sharpened lines, one early indication that I 
was souring to what I saw facetiously com- 
ing down the pike. The tossed off missive 
'God is empty just like me' brought the God 
fearing and Hell-loving out to hound me for 
a few years in various backstage parking lots, 
trying their best to convert me to a God and 
Savior I was already sold on. Most seemed 
disappointed that I didn't put up more of a 
tenacious fight, beyond my saying that one 
lyric does not make a man, nor show the 
depths of what he believes in his heart. 

Here Is No Why 

This title was appropriated from an article 
I'd read on an anniversary of the world's 
first nuclear attacks. A survivor, in survey- 
ing a legacy of near-total devastation, had 






remarked in broken English that 'Here is 
no why.' Looking at the twisted remnants 
of my own childhood memories, I felt a 
similar sense of loss amidst my confusion. 
To hide some of my sorrow I couched 
those thoughts into this glammed up tart 
that rings neither happy nor sad. In some 
respects this song doesn't really fit in well 
amongst the others; being too maudlin 
for its own good and too strident to take 
full advantage of its T-Rexian strut. But 
like its author 'The Death Rock Boy', its 
most glaring defects are part of its linger- 
ing charm. 

Bullet With Butterfly Wings 

The original rats in yer cage' chorus was 
born of the boredom sitting around at 
one of those overly dry BBC sessions, the 
thump riff that opens the song a funny 
remnant of the very first Siamese Dream 
recording session. There were always lots of 
Frankenstein parts laying about then that 
I'd mix and match back up together, back 
when my real job was trying not to forget 
any inspiration that might come in handy 
later. All the way through the 10 or so 
months of writing and making this album 
I thought this tune both powerful and 



stupid, and I could never really settle on 
one such opinion over the other. I would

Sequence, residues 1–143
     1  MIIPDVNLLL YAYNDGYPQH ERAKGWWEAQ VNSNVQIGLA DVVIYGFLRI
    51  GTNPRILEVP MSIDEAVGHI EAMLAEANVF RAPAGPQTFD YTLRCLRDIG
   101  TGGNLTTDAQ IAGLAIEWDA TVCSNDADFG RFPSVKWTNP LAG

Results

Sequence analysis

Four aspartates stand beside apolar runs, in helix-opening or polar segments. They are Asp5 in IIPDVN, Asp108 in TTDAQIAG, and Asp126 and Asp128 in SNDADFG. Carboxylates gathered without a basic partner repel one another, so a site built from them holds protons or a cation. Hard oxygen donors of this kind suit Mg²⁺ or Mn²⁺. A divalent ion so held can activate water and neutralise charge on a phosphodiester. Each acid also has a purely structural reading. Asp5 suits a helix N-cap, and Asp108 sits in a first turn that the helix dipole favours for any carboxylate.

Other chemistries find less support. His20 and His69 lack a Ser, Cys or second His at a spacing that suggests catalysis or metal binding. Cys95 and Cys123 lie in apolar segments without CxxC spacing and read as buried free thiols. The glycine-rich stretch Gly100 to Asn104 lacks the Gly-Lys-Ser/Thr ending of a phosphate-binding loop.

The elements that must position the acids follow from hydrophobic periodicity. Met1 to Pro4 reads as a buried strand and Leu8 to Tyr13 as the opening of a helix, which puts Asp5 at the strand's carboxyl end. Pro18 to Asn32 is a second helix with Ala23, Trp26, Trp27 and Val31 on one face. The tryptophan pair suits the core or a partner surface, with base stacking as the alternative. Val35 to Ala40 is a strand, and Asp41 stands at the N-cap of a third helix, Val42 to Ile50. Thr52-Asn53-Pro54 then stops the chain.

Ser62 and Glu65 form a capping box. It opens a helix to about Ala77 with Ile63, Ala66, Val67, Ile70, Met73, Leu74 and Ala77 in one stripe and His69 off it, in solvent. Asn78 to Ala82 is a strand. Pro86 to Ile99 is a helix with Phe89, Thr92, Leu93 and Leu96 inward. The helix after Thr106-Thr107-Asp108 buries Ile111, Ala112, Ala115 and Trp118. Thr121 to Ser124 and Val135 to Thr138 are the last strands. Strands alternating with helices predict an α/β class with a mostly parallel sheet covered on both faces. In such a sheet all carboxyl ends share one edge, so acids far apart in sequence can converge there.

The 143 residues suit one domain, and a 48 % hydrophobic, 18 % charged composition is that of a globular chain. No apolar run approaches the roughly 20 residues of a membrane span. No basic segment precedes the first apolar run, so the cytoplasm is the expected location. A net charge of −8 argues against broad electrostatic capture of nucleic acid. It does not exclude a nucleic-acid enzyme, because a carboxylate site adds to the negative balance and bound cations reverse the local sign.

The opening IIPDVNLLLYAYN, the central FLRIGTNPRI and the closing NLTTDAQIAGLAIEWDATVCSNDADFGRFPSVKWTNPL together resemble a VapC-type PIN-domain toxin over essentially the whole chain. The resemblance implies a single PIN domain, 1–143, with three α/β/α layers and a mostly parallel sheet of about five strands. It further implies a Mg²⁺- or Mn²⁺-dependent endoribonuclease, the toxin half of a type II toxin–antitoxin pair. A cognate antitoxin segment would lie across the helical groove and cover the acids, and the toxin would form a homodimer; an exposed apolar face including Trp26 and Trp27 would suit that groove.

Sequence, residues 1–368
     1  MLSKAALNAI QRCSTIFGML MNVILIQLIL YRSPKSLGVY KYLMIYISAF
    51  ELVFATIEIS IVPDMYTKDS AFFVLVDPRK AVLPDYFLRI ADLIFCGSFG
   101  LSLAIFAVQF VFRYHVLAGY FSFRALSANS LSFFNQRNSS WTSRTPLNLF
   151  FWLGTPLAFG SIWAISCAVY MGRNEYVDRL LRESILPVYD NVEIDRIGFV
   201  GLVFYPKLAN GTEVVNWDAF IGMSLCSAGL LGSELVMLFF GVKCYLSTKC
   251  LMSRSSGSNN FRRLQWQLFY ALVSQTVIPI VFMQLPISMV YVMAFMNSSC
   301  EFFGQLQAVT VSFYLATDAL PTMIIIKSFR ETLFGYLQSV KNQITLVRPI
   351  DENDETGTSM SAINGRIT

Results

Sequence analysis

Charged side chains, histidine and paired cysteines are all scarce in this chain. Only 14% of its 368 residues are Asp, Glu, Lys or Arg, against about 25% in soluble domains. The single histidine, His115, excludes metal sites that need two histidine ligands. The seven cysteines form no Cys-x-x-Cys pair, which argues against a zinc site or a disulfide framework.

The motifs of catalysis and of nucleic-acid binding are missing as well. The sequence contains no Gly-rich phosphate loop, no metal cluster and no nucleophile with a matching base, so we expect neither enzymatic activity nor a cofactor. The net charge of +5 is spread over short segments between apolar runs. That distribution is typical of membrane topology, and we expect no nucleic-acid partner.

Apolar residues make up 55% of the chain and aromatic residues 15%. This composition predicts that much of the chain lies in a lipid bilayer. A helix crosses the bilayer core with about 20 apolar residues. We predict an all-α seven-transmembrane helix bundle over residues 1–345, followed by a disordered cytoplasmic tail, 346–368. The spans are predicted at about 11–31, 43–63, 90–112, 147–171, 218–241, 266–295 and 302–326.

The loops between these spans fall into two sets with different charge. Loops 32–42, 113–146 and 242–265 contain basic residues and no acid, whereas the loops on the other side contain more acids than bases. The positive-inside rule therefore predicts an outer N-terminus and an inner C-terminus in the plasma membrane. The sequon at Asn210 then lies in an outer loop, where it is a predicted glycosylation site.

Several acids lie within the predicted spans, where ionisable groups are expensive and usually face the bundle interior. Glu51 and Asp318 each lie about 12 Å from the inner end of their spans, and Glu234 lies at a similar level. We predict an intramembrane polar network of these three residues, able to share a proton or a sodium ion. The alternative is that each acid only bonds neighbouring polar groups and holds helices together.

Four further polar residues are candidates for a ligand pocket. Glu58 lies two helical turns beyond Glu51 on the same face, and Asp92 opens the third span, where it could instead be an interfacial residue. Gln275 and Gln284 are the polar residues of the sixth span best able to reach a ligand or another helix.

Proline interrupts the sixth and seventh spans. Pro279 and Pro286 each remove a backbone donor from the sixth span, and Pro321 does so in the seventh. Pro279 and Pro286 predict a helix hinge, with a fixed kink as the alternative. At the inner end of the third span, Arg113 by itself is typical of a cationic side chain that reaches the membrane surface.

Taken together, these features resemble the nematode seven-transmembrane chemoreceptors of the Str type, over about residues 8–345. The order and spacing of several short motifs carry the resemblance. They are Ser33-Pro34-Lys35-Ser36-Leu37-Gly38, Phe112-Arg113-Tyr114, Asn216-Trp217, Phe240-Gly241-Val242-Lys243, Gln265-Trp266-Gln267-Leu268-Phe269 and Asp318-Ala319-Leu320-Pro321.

later be shocked when the record label 
announced this song to be their choice for 
first single. I had to be talked into letting it 
happen by one cigar chomping CEO who 
declared brazenly over my phone, 'Kid, 
it's a smash!' The song's true message has 
grown on me over the years, as I find it to 
be a withering attack on the lameness of 
fame. Who could have known then that 
the glory of fame would be an even more 
important and ever-present commodity 
in the 21st century than it was in the face 
of the last. 

To Forgive 

The charitable act of forgiveness is made 
scarce mention of, but that in itself really 
stands as a lie, as there is nothing and no 
one to be forgiven in the solemn halls of 
this song. It is more so a song of condem- 
nation, the greatest of which is reserved for 
hand that writes it, who despite knowing 
better will carry the same destructive 
patterns he has learned in youth into his 
own unnatural adult life. This is the kind 
of effort one only needs to make but once, 
and once is more than enough. 



Fuck You (An Ode To No One) 

In jostling about for attention in an era 
where the pit out front often dominated 
the focus of our evenings' music, heavy 
songs were a must to both keep and control 
the crowd in short bursts of regulated 
energy. The more we traveled the heavier 
we got, and the heavier we got the bigger 
the audience grew until it was a monster 
tipping over into those once safe places; 
where chaos wasn't something you just went 
into the city and did, only later to forget 
all about it in the safety of your room. Like 
the circus coming to town, we brought with